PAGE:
Wednesday, 29 September 2010

Cross My Heart and Hope to Spy, Ally Carter

Perhaps it's because I accidentally came into the Gallagher Girls series at book 2, but Cross My Heart... did nothing for me. The premise was great: an elite boarding school is actually a school to train young woment to become spies. Brilliant! I always had a soft spot for boarding school stories, especially the more unusual schools like the Chalet School (or Hogwarts.) And the Gallagher Academy is one of the stranger. While Chalet School girls are fluent in three languages, Gallagher Girls speak up to fourteen. They develop skills so that they can appear to be anyone or anything they like: writing with their non-dominant hand, they have photographic memories, can fool lie detectors and tell you exactly how many people in the room are wearing purple socks (for example.)

All interesting and highly unlikely for high school students, and unfortunately I couldn't even believe it in the context of the story. The main character, Cammie "The Cameleon" is has a reputation for being one of the best young spies (a contradiction in itself, surely!) and yet in Cross My Heart she can be so incredibly stupid. She and her classmates demonstrate this on a countersurveillance exercise - there are spies watching you, you don't know who they are, you have to shake them off and get to a certain place at a certain time. Now is NOT the time to start chatting up the boys. Especially when you have just found out that there is a boys' spy school out there, a fact which, by the way, shouldn't be quite such a shock when you yourself go to a spy school no one else knows about. She doesn't seem to learn, either, seeming to forget half the time that she is a spy, and the other half of the time that Zach who she has a love-hate relationship with, is also a spy. Trust no one!

Despite their rigorous training, I found it difficult to believe that the Gallagher Girls were entirely serious about their vocations: whenever they set up surveillance on the headmistress, and later on the Blackthorne boys, it read more like a Mystery Kids or Secret Seven story with top-of-the-range gadgets. Surely such training requires the girls to be single-minded in their training, but instead they were double-minded: they thought of exactly two subjects throughout the book - spying and boys. Mostly boys. From the moment they see the Blackthorne boys, Cross My Heart fails the Bechdel test - the female characters talk only to boys or about them. I'm not saying this is unrealistic for teenagers in a formerly all-girl school, quite the opposite! Unfortunately it doesn't help to flesh out the characters, and I found it difficult to keep track of which name belonged to which of Cammie's classmates. It might have helped if I'd read the first book in the series: I'd Tell You I Love You, But Then I'd Have To Kill You (Imagine having to type that multiple times in a blog!)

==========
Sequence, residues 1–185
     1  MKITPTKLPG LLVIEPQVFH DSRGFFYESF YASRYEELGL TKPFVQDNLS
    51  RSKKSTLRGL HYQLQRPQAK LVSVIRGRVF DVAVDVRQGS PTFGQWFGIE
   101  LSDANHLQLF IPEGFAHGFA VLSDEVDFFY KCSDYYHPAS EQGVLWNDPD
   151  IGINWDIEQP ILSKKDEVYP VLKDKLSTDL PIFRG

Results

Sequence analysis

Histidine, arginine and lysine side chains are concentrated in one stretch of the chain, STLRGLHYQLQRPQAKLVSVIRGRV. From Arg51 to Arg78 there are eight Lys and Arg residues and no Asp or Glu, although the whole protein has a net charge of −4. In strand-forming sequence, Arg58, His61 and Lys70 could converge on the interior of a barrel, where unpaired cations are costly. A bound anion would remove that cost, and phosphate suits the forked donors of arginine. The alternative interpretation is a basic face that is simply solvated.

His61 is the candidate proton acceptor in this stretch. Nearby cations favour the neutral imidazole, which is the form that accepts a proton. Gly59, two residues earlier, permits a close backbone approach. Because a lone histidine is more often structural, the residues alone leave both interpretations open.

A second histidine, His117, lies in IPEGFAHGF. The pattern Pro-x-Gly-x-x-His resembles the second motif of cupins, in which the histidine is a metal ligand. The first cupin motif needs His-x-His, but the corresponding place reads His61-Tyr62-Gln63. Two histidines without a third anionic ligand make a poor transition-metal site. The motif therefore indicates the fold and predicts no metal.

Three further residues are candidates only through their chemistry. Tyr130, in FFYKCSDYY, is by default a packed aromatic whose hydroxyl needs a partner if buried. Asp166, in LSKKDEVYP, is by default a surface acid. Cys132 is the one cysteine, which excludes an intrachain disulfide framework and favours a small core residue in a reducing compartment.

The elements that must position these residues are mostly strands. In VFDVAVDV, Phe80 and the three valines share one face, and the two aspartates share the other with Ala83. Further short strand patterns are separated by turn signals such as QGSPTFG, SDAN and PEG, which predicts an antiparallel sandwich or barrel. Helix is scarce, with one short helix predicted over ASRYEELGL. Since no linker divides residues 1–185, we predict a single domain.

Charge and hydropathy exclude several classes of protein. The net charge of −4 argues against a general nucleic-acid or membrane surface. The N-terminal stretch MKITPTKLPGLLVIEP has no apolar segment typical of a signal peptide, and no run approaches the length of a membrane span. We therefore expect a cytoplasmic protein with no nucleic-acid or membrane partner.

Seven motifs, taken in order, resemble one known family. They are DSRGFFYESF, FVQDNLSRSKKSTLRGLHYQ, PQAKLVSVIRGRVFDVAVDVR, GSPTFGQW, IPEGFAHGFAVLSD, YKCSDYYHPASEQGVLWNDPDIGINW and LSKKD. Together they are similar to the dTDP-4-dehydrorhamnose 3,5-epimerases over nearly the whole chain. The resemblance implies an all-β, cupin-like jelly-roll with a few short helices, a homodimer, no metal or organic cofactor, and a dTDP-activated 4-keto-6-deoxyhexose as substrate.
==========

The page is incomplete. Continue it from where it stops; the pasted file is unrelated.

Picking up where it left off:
There were a couple of problems that I had with this story that were resolved at the end, especially regarding some of the headmistress' decisions. Early on, Cammie and her friends suspect that the head (who is also Cammie's mother) is up to something dodgy. Now, surely if you're head of a spy school, you wouldn't conduct suspicious business where the girls would use the skills you've taught them to uncover your secrets! And secondly, I thought it highly unwise of her to introduce half a dozen handsome boys into a school full of hormonal teenage girls and expect them to carry on undistracted. In the end, though, it turned out to be all a test, and the head's realisation that running an all-girls' school left the students ignorant of half of the world's population - not a good place to be if you want to be a spy! Unfortunately, the one plotline where I thought there was genuine danger out of a classroom context, was also part of the test, leaving me once more feeling that the Gallagher Girls were just playing spies.

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